On Laughing and Laughter

As a college student many years ago, I wrote a term paper about the Pygmies of the Congo in Africa. While researching for the paper, I came across one observation of their way of life that caused me to laugh. The anthropologist who wrote his observations while living with these people was that they would begin laughing when something struck them as funny until the laughter became so side-splitting that they rolled on the ground. Tears came rolling down their faces.

I was recently reminded that I loved seeing Jerry Lewis movies when I was a child. I would laugh so hard and loud that my laughter spread through the theater’s aisles until everyone was laughing at me laughing.

I remember a psychology class I took in college where the professor used a lot of humor in his lectures. One day, he said something that made all of us laugh. I don’t know if it was his joke, something about my mood that morning, or the atmosphere in the classroom, but I couldn’t stop laughing even after the others had. That caused the other students to resume laughing after they had stopped. For fear of being reprimanded, I looked up and was relieved to see the professor laughing along with the rest of us. I felt such warm feelings about the class and professor that I still remember it after these decades.

It is said that laughter is medicine, and the research supports that.

Most laughter is not always the result of a joke, but it is a part of being with people. For example, the health of a relationship might be measured by the amount of laughter.

There is a lot of research on the problems and conflicts that cause people to divorce or end relationships. Yet, laughter is one of the most apparent ingredients of any happy relationship. Laughter may be a symptom of how well a couple is doing. Laughter binds people together. There is a lot of laughter during the early stages of a romantic relationship. It is warm, mirthful, and spontaneous. It is possible that couples need to laugh a lot more.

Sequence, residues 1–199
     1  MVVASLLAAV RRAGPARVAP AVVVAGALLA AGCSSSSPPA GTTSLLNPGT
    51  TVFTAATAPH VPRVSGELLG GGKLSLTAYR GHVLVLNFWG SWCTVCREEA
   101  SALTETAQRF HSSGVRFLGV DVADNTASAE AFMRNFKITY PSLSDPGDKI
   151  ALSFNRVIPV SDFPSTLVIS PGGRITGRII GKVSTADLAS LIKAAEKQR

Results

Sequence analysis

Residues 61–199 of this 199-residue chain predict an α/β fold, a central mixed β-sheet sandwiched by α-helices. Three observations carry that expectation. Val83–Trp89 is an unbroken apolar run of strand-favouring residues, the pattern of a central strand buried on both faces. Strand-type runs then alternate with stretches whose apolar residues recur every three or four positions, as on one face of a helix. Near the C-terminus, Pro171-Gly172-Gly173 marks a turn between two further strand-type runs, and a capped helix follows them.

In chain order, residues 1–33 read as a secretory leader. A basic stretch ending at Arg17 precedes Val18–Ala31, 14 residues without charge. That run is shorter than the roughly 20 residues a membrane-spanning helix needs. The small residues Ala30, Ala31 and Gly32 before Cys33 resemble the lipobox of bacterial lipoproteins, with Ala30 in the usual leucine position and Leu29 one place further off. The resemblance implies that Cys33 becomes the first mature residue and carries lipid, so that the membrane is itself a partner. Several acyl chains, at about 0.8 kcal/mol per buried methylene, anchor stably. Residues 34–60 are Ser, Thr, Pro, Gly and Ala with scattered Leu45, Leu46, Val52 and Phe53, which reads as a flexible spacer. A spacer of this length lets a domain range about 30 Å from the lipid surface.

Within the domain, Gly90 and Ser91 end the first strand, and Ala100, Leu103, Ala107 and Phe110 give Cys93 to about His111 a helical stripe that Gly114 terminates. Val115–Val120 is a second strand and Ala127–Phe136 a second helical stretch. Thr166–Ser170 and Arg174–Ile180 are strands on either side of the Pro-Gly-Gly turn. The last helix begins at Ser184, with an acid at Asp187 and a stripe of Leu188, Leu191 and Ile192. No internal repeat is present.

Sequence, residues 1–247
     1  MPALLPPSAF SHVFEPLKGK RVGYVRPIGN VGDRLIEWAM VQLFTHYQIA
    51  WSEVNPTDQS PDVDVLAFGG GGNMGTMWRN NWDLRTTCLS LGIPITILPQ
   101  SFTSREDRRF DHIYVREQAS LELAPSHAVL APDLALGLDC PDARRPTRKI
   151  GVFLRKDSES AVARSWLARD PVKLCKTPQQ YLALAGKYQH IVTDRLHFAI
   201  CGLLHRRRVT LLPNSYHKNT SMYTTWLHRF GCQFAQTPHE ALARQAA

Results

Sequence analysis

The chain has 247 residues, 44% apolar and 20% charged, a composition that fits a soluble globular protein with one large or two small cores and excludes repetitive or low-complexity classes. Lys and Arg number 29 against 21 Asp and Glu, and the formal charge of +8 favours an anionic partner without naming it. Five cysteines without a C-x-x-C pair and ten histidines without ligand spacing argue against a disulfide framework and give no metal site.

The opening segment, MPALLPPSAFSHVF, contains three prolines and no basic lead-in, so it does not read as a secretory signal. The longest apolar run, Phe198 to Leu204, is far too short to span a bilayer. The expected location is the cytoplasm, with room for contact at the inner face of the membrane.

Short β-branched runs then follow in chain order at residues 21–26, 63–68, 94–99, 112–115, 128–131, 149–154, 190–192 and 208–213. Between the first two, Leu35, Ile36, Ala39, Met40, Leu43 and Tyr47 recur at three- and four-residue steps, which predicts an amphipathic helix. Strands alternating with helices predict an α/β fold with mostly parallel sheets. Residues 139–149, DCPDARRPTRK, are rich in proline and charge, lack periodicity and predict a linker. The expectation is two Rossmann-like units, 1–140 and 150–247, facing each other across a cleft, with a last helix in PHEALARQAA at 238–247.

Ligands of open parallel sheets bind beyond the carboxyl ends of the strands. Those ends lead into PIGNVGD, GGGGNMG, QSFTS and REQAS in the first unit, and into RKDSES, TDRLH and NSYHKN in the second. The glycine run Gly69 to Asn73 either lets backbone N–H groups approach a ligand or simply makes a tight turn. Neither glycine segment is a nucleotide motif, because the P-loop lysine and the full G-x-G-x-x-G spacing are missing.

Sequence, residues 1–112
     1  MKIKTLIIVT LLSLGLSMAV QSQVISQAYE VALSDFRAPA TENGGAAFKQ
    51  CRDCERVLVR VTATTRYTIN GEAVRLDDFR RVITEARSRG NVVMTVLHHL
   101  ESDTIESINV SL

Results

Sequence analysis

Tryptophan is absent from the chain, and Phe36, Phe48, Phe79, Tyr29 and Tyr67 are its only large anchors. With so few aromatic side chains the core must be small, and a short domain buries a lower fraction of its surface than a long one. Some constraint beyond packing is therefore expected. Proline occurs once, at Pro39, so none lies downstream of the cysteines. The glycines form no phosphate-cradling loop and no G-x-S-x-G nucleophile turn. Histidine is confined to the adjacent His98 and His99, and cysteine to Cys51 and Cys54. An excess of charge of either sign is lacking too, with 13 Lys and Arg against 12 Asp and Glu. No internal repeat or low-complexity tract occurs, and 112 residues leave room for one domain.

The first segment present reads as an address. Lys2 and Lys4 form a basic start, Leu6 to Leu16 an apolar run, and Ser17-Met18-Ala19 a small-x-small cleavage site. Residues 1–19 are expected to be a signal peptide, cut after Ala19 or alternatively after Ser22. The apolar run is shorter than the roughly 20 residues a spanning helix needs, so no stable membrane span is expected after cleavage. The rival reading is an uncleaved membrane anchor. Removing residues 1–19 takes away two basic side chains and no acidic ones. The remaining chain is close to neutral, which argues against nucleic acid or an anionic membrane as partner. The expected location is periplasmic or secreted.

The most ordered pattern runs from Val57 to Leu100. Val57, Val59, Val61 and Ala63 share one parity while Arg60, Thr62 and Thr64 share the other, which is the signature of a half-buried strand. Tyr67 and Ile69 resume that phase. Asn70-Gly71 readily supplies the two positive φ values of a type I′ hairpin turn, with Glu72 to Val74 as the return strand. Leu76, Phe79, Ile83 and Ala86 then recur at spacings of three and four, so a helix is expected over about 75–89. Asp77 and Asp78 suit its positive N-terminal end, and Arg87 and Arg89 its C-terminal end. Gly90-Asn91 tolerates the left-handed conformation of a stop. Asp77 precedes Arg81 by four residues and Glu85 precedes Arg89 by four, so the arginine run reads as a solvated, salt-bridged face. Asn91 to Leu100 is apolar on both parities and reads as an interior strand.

It is lots of fun. Laughter is also very social. It brings people together. It brings people together because it’s contagious. Do you remember how you also yawn when you see someone yawn? When you hear someone laugh, you also laugh.

How might a couple reintroduce laughter into their relationship? The most primitive form of stimulating laughter is tickling. Not only does tickling cause laughter, but it also causes the person getting tickled to turn around and start tickling. Besides couples engaging in tickling and laughing, we love to tickle babies and children because it’s fun to see and hear them laugh and giggle.

It’s always fun to get together with people who also spontaneously laugh. Once the laughter begins, everything that happens and is said is funny.

Do you allow laughter into your life, or does everything seem too serious about being able to laugh? Just remember, we don’t laugh to solve problems. We don’t laugh to improve our health. We don’t laugh to relieve depression. It feels great when we laugh. So, let’s all get together and laugh.

Your comments and jokes are welcome.

Allan N. Schwartz, PhD

The post On Laughing and Laughter appeared first on DocTalk, Explorations in Psychotherapy.

Leave a Reply

Your email address will not be published. Required fields are marked *